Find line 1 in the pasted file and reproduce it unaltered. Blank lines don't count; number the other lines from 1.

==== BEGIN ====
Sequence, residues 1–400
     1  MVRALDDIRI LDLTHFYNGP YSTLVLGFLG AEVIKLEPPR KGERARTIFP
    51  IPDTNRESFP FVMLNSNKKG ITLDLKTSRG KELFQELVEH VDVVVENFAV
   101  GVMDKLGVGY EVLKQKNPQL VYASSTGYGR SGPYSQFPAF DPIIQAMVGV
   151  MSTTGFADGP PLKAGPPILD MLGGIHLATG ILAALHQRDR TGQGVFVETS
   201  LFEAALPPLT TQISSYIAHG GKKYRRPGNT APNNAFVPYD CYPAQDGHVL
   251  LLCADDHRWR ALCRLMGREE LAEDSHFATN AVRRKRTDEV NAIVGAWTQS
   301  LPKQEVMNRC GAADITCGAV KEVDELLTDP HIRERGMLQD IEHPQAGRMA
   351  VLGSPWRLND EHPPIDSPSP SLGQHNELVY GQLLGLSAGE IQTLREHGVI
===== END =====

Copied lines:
Sequence, residues 1–400